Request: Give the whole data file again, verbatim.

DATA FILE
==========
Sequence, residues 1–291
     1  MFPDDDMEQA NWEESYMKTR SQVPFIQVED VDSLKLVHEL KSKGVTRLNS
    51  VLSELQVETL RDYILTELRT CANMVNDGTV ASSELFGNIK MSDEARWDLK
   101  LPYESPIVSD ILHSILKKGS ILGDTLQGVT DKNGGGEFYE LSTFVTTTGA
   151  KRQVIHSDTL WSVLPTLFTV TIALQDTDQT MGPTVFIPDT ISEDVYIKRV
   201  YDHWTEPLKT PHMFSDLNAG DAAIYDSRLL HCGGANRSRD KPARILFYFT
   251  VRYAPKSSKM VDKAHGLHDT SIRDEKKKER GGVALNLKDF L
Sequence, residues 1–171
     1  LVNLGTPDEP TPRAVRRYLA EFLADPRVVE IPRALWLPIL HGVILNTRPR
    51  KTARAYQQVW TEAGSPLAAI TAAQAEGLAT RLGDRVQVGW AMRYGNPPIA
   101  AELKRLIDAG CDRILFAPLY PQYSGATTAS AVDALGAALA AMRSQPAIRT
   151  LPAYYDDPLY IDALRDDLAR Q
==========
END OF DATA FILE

Sequence, residues 1–291
     1  MFPDDDMEQA NWEESYMKTR SQVPFIQVED VDSLKLVHEL KSKGVTRLNS
    51  VLSELQVETL RDYILTELRT CANMVNDGTV ASSELFGNIK MSDEARWDLK
   101  LPYESPIVSD ILHSILKKGS ILGDTLQGVT DKNGGGEFYE LSTFVTTTGA
   151  KRQVIHSDTL WSVLPTLFTV TIALQDTDQT MGPTVFIPDT ISEDVYIKRV
   201  YDHWTEPLKT PHMFSDLNAG DAAIYDSRLL HCGGANRSRD KPARILFYFT
   251  VRYAPKSSKM VDKAHGLHDT SIRDEKKKER GGVALNLKDF L
Sequence, residues 1–171
     1  LVNLGTPDEP TPRAVRRYLA EFLADPRVVE IPRALWLPIL HGVILNTRPR
    51  KTARAYQQVW TEAGSPLAAI TAAQAEGLAT RLGDRVQVGW AMRYGNPPIA
   101  AELKRLIDAG CDRILFAPLY PQYSGATTAS AVDALGAALA AMRSQPAIRT
   151  LPAYYDDPLY IDALRDDLAR Q